PrefaceCMC in Education
By Sigrid Kelsey, Louisiana State University and Kirk St.Amant, East Carolina University
Approaches to education continuously evolve as educators harness the ever-growing number of available technologies in an effort to meet the changing needs of students. It is a process in which today’s instructors are continually adjusting their teaching methods to accommodate new modes of communication available to their students. As quickly as new technologies arise, educators must design approaches and pedagogical techniques to take advantage of their potential for education. At the same time, they need to address issues and problems the technology may introduce. The result is a complex balancing act between that which is known and that which is new.
In today’s classrooms and libraries, computer-mediated communication (CMC) is the norm. With rare exceptions, students are digital natives: individuals who have grown up immersed in online media and who are well-adapted to CMC. For this generation of students, communicating with smart phones, laptops, and other Internet devices is almost as natural as breathing, and as a result, they have mastered the use of applications such as SMS, social networking, e-mail, and video calling. Educators must therefore seek ways in which to enrich their teaching to keep pace with the daily lives of contemporary students. It is through interacting with students as digital peers that effective discussions and debates can take place and education can meet the needs and expectations of the 21st century.
New technologies, complemented by a greater amount of educational material available to a wider audience than ever before, introduce new avenues of communication. The Internet and its related technologies offer instructional designers, educators, and librarians opportunities to develop learning environments that are conducive to instruction for today’s students. As Dumova puts forth in her chapter in this collection, new technologies “promise to create learning environments that could transform many aspects of the traditional relationships between instructors and their students, including the presentation of course content, learning activities, student-teacher and student-to-student interactions, as well as assessment.” Computer-mediated communication is the current mode of delivery for many instructional activities, and the number of technologies available is often inspiring, and is, at times, overwhelming.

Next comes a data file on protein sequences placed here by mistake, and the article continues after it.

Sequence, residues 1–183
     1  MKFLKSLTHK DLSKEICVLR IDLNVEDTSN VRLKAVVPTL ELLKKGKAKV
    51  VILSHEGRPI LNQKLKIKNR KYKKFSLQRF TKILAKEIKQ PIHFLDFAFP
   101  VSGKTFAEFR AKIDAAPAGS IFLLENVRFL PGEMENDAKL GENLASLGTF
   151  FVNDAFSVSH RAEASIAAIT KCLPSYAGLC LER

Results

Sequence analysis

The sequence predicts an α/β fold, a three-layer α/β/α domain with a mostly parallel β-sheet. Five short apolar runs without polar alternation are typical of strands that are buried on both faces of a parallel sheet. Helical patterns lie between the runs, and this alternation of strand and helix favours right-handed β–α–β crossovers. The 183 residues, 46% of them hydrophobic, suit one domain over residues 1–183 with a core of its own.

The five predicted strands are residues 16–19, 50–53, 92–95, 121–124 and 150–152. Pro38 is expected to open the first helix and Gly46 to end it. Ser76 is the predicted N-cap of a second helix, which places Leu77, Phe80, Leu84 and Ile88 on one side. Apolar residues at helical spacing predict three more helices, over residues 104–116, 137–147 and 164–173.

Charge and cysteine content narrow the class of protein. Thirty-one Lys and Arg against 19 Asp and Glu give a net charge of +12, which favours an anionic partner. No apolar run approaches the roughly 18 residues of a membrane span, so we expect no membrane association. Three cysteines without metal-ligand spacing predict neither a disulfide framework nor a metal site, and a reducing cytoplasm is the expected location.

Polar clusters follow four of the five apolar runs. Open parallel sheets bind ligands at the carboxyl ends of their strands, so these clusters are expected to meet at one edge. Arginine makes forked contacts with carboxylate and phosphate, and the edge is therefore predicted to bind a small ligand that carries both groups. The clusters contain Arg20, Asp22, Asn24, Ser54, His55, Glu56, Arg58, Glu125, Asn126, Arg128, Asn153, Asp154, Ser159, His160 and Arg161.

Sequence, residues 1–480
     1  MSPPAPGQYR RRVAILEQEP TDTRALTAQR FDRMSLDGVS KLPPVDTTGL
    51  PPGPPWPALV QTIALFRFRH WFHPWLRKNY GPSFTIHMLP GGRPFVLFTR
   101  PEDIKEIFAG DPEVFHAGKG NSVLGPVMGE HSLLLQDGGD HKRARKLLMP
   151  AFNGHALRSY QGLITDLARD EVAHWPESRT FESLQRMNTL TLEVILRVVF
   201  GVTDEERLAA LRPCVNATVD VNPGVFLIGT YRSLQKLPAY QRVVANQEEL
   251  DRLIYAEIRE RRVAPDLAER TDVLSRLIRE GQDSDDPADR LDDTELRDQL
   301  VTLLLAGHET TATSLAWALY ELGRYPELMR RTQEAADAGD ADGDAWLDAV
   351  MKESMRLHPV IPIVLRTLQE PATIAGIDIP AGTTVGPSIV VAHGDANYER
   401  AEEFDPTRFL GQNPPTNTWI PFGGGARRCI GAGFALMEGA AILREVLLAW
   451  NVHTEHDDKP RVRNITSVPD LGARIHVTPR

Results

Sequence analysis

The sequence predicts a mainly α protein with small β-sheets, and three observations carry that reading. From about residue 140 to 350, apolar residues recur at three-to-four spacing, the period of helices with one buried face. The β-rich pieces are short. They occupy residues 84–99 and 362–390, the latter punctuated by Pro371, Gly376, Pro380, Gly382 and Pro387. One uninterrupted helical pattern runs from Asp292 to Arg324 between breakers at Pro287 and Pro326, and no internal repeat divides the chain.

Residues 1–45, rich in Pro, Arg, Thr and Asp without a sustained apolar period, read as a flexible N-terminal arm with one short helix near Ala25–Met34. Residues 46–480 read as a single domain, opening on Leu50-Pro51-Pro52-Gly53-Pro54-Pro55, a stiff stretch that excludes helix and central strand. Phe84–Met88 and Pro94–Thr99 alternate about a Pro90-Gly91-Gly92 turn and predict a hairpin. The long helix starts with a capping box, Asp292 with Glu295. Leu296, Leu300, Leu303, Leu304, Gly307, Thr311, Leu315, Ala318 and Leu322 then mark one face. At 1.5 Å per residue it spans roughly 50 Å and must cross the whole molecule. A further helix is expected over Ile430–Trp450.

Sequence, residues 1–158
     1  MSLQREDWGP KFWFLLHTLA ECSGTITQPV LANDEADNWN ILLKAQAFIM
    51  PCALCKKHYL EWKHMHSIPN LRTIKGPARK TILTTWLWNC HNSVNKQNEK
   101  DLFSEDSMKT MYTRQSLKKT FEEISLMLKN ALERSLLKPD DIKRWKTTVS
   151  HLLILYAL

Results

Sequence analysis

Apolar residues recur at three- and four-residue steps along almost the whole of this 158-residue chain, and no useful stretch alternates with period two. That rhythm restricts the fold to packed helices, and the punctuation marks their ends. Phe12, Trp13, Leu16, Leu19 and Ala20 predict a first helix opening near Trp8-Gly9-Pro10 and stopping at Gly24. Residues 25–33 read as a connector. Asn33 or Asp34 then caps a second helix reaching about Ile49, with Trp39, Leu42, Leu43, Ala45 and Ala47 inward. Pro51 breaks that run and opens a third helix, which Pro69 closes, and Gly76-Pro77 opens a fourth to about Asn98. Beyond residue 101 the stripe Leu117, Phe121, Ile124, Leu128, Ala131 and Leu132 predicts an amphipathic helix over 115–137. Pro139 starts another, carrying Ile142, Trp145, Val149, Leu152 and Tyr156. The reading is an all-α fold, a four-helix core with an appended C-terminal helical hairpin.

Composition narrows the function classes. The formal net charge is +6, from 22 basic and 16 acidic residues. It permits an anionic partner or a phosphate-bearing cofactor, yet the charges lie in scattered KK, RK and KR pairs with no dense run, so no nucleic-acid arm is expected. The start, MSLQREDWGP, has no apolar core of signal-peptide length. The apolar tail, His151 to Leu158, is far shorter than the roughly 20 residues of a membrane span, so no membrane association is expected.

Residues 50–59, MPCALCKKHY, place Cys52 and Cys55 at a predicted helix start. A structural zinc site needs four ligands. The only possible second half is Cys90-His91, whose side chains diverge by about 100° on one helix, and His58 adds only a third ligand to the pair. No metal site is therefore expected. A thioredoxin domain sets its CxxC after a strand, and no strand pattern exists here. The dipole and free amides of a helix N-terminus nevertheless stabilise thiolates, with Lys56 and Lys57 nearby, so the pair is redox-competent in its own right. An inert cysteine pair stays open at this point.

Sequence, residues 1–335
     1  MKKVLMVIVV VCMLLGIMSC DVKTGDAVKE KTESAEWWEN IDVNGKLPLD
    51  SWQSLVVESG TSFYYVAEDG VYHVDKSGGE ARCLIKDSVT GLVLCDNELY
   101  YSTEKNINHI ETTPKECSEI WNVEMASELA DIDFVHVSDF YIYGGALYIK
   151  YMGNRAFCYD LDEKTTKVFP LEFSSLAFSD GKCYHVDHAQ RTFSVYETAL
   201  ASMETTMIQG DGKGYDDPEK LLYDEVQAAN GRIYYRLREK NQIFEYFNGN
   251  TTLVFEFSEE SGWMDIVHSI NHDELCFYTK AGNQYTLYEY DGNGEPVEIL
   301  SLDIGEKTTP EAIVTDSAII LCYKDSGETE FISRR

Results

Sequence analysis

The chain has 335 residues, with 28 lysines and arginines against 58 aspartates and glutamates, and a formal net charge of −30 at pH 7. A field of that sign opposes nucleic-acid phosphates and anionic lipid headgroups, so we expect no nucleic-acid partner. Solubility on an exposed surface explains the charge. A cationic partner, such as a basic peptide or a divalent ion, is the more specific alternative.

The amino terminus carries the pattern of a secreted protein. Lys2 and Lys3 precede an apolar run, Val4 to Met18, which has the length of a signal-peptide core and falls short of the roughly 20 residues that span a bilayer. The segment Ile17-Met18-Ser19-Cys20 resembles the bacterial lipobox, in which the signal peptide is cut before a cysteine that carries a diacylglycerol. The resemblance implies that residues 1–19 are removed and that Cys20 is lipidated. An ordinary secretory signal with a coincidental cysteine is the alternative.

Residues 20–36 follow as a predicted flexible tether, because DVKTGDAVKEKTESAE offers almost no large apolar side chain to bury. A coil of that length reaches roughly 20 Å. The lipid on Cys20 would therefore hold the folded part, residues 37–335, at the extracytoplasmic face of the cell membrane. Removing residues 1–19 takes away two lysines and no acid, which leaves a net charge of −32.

However, approached correctly, new technologies for computer-mediated communication have the potential to generate effective approaches to education by quickly integrating themselves into mainstream instruction in context where teachers and students alike swiftly adopt new communication techniques. The developments emerging from such situations bring about benefits and challenges, and these factors affect education in a myriad of ways. As an integral part of technology, CMC is a vital topic to research and explore as it relates to education, and each new technological development brings with it new facets of CMC to explore and research in relation to their potential use in educational contexts. Computer-Mediated Communication: Issues and Approaches in Education
highlights current concepts, issues, and emerging trends relating computer-mediated communication and its issues in, and approaches to, education. To this end, this volume contains eighteen thematically organized chapters that highlight best practices, strategies, approaches, technologies, case studies, testing, trends, information literacy, examples, and models for using computer-mediated communication technologies in different educational settings. In order to provide readers with an understanding how CMC affects issues of and approaches to education this book
- Introduces readers to a variety of technologies that facilitate computer mediated communication in educational settings
- Provides case studies and research regarding these topics
- Discusses theoretical frameworks for studying CMC